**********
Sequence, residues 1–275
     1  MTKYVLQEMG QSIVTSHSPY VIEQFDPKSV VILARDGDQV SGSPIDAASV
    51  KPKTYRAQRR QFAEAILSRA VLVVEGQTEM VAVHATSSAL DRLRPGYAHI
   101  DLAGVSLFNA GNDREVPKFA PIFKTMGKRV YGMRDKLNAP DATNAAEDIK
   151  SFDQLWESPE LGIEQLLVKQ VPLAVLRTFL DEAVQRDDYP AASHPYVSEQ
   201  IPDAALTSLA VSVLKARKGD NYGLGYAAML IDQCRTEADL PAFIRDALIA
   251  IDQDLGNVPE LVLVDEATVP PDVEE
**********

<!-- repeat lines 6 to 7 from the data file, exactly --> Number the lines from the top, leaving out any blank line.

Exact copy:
   201  IPDAALTSLA VSVLKARKGD NYGLGYAAML IDQCRTEADL PAFIRDALIA
   251  IDQDLGNVPE LVLVDEATVP PDVEE